If you take pop history from the emergence of Elvis to right now, the release of Thriller– the highest selling album there will ever be – sits at the midpoint. This coincidence nagged at me when I reviewed the album’s reissue, not very well, for Pitchfork. My original draft (rightly rejected) was built on multiple ideas of Jackson as a “black swan”: a graceful exotic creature, an event that resets its context, a freak.

People try and explain black swans after the fact: with Jackson, explanation begins with the combination of astonishing talent and a truly dreadful upbringing. Jackson’s brutalisation by his father is the kind of horror story we associate with the worst parts of pro sport – the mechanisation of ability in a drive for perfection. It’s rarer in showbiz, because the structure of success is looser. Michael Jackson’s success – and what success! – sits on a double fluke: that he managed to funnel his talent through his dehumanisation, and that the public responded in such phenomenal numbers to his unique perspective.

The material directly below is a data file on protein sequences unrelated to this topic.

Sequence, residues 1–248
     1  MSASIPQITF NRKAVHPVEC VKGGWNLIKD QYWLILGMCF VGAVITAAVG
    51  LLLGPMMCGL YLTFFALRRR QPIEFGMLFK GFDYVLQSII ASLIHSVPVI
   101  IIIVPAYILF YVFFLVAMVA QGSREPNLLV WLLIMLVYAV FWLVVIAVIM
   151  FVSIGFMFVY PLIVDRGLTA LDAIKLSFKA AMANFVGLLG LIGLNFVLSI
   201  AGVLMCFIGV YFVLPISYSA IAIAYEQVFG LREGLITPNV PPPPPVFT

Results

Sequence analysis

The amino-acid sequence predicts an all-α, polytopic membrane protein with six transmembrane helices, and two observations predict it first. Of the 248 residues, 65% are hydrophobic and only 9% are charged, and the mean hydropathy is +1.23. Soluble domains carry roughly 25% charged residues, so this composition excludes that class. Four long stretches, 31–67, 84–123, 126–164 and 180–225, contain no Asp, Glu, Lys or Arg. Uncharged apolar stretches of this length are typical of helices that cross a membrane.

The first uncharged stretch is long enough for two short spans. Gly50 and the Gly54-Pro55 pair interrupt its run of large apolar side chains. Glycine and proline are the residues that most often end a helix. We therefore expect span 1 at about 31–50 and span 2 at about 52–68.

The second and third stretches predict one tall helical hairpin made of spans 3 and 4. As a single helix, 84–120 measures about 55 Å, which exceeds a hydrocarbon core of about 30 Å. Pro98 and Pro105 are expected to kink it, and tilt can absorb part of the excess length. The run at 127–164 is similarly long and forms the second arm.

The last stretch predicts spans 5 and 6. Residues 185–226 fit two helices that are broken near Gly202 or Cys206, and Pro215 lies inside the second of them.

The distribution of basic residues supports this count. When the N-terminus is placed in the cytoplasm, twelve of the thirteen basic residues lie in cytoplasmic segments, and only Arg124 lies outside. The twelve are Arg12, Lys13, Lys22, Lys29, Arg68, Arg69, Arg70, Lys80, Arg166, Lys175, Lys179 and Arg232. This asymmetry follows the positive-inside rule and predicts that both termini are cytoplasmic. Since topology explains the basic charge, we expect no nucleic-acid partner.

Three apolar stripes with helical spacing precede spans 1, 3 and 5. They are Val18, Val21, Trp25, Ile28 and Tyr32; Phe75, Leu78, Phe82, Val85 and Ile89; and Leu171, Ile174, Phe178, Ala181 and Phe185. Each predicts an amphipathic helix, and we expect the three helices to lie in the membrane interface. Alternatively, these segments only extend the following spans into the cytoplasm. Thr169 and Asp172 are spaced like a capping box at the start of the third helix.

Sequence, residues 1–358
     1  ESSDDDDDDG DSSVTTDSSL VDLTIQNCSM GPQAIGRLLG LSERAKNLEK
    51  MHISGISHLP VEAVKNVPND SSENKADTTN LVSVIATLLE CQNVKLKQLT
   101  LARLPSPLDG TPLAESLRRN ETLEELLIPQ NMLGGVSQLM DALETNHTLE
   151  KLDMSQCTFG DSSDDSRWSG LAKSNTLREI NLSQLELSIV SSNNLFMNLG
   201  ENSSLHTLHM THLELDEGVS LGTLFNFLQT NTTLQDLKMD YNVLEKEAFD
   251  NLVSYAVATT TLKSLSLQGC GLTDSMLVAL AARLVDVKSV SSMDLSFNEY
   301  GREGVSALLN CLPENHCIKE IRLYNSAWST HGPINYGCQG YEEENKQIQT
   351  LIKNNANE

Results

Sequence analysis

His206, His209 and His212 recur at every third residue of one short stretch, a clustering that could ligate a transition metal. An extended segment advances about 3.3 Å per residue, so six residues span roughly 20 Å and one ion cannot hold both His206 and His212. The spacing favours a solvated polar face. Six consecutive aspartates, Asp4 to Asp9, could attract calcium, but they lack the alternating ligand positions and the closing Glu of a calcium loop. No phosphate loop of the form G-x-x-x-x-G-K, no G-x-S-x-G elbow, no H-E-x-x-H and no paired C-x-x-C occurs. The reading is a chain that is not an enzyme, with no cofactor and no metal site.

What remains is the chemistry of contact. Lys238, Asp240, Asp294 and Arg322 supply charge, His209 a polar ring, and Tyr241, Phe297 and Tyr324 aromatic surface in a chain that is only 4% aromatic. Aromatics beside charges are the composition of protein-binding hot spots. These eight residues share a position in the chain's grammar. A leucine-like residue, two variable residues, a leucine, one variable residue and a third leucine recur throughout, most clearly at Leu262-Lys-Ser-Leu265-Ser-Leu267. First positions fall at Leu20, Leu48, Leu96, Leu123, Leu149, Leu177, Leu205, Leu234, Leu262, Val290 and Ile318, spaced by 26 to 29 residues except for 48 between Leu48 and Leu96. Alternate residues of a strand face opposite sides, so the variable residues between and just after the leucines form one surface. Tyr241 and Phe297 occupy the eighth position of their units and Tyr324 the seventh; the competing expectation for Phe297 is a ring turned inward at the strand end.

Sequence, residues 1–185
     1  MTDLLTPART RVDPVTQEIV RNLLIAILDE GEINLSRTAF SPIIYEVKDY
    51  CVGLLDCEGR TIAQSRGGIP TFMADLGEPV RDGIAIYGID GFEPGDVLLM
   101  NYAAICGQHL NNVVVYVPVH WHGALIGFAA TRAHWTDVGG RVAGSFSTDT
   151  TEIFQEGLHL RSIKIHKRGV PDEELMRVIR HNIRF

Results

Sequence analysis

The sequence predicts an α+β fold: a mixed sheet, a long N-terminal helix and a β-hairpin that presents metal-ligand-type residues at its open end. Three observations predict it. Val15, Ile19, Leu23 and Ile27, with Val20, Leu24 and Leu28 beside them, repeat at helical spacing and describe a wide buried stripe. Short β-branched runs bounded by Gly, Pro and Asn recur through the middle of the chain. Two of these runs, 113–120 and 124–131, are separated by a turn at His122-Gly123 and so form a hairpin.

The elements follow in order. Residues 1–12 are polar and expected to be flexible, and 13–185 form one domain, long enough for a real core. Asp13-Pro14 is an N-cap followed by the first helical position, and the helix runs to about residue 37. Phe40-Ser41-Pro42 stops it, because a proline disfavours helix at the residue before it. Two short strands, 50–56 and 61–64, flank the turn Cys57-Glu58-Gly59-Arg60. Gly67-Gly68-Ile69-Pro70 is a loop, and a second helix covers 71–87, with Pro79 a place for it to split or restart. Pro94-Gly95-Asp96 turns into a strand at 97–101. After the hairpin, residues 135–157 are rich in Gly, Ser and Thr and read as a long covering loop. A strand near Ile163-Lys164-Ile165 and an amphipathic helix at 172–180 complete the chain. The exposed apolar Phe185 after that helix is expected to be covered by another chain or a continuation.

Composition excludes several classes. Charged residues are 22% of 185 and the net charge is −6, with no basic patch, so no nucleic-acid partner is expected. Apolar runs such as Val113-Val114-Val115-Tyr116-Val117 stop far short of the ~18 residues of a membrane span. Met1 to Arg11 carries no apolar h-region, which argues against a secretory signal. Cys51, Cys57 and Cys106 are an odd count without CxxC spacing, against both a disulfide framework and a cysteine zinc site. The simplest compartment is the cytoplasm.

That success led to a second dehumanisation, which Jackson himself colluded in. Here am I, writing what might have been an obituary type piece, and all I can think about are history and abstractions: the real, dead man is too remote. The Jackson it’s easy to empathise with fell into shadow a long time ago. When I heard about his death the music I wanted to play wasn’t Off The Wall, or Thriller, but the strange, sad, overblown records he made in the 90s – overshadowed by headlines and accusations, but home to some of the oddest and darkest pop of any era.

There’ll be a reassessment, naturally – ballads like “Butterflies” and “Stranger In Moscow” are too strong for there not to be. In comparison to “Off The Wall” or “PYT” of course, they sound petrified, seized up. In fact a lot of the 90s material sounds like multiple drafts of one single, crushed and frightened song by a man desperate to get the pain out: “Here abandoned in my fame / Armageddon of the brain.” Even the much-mocked “Earth Song” sounds like a projection – what if the world was as hurt as me?

And what about the King of Pop’s Kingdom, long abandoned? The title was one he grabbed for himself: in fact “pop” in that all-encompassing sense was partly an effect of Jackson himself, not an inheritance for him to claim. The outrageous success of Thriller – the ultimate crossover – created the impression that the fragmentation of pop in the 70s could be reversed, and a generation of new megastars helped Jackson hold back that particular tide. But that version of “pop” died well before Jackson did. On LiveJournal Mark S wrote: “I sorta kinda judge that our age is over”, and I sorta kinda know what he means.